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Severe pollution leads to discipline

By Zheng Jinran | China Daily | Updated: 2017-07-21 09:17

Some leading officials in Gansu province, from the provincial to the county level, have been held accountable for severe pollution and damage in the Qilian Mountain National Natural Reserve, the central government said on Thursday.

A statement issued by the general offices of the State Council and CPC Central Committee said other governments should consider the action a lesson to make environmental protection a priority and fully implement related measures.

A special inspection headed by the central government from Feb 12 to March 3 found long-existing pollution problems and damage in the Qilian Mountain National Natural Reserve had not been solved. The reserve dates from 1988.

Mining and exploitation activities inside the reserve destroyed the vegetation cover and eroded the soil. Fourteen mines were allowed to keep working after the central government banned the practice in 2014, the statement said.

Forty-two hydropower stations were operating in the reserve without necessary documents, and the excessive exploitation dried up some rivers.

Inspectors found some nearby companies discharged toxins excessively, severely polluting the reserve.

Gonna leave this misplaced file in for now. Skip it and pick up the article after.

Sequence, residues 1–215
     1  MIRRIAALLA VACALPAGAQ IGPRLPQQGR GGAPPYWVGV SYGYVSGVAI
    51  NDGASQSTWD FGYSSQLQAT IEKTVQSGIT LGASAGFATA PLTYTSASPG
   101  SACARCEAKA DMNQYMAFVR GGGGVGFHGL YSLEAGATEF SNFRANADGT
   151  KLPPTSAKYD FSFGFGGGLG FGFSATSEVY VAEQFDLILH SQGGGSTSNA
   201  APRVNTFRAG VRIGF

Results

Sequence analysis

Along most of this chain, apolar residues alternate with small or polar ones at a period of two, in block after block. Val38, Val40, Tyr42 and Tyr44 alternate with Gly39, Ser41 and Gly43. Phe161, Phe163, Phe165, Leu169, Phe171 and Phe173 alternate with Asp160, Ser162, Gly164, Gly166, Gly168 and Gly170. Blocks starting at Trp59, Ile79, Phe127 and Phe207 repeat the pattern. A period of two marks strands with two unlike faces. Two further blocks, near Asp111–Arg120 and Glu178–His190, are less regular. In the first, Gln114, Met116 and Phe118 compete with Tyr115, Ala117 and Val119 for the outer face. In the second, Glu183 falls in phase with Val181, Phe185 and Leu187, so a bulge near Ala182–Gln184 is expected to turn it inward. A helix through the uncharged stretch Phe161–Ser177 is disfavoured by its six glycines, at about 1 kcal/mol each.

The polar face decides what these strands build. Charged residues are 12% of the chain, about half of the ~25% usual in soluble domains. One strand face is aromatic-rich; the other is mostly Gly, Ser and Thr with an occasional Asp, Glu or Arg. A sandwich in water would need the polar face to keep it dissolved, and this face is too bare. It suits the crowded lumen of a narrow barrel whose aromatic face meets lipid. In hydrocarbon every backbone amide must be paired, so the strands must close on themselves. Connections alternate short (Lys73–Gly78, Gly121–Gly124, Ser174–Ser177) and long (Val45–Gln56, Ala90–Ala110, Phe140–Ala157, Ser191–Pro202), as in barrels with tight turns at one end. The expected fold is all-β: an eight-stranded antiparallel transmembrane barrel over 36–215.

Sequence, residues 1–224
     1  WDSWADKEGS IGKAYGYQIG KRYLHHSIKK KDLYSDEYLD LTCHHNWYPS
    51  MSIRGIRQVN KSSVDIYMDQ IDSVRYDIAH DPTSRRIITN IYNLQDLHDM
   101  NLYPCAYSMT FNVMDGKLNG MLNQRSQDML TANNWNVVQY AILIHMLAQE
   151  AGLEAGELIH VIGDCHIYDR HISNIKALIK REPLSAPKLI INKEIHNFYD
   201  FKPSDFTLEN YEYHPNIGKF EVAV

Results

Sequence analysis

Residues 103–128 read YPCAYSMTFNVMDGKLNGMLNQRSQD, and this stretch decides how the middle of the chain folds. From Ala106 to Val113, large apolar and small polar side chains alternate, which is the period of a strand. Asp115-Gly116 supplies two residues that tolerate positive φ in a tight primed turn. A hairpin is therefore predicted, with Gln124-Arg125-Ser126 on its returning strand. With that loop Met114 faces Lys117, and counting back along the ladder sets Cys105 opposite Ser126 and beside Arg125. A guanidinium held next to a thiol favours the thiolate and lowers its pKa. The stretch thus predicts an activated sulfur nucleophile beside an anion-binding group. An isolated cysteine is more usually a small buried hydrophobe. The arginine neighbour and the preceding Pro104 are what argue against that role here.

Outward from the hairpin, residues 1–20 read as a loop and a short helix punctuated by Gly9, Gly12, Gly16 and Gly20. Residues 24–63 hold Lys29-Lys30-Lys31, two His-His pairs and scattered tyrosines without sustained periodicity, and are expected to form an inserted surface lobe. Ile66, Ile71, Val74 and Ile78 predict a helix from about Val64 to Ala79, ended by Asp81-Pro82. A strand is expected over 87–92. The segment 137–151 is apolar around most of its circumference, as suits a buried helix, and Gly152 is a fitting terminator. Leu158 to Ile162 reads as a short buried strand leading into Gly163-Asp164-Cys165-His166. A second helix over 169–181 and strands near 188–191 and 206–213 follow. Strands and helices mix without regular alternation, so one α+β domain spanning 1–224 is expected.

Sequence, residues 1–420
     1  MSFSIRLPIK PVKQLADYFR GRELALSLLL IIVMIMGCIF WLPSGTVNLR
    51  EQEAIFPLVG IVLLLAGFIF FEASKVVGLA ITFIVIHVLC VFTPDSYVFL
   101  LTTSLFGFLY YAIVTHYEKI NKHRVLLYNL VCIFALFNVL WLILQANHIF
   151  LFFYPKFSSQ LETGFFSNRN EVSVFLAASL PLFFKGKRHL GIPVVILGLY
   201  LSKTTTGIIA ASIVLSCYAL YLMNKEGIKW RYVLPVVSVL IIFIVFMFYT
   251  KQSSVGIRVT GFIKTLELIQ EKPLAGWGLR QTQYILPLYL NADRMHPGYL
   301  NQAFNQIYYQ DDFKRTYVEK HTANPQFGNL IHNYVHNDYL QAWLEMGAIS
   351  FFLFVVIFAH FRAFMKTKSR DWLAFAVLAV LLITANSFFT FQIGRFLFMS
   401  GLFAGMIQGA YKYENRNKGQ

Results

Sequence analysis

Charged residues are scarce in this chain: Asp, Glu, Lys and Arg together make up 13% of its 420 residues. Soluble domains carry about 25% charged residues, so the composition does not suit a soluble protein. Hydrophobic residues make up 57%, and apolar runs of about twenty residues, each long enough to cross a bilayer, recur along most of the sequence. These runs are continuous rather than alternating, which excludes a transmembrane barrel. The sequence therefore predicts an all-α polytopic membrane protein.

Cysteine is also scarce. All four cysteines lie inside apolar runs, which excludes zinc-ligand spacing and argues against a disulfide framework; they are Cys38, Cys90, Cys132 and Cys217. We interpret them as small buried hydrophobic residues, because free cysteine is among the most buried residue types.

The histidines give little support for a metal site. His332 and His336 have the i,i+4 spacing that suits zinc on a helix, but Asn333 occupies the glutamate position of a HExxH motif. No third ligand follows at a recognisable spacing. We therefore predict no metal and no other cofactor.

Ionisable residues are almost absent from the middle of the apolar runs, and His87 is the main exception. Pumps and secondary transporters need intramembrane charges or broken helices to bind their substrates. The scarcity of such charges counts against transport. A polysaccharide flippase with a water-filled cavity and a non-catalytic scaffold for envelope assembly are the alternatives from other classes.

The central government said the severe pollution and damage were mainly caused by the poor performance of the province and city and county governments.

"The leadership did not give environmental protection sufficient attention. Then they did not make every effort to implement instructions from the central government," the statement said.

Yang Zixing, deputy governor, was given a severe warning within the Party. As a leading official in charge of environmental protection in the reserve, Yang failed to control illegal mining and other harmful activities.

Li Rongcan, Party chief of Lanzhou, the capital of Gansu, and Luo Xiaohu, who was executive deputy governor during the inspection, received serious criticism and were summoned to have talks with disciplinary authorities. They were also ordered to make self-criticisms at meetings of the province's leading officials. Another eight senior officials also received punishments including dismissal and stern warnings.

To prevent similar problems elsewhere, seven ministries including the environmental protection and water resources ministries have jointly launched an inspection of all 446 national-level natural reserves since mid-July to last until year's end.

Inspectors will check human activities, especially mining, and encourage the public to take part in the supervision, according to a document from the Ministry of Environmental Protection.

Inspection results will be handed to the central government by the end of December and released to the public.

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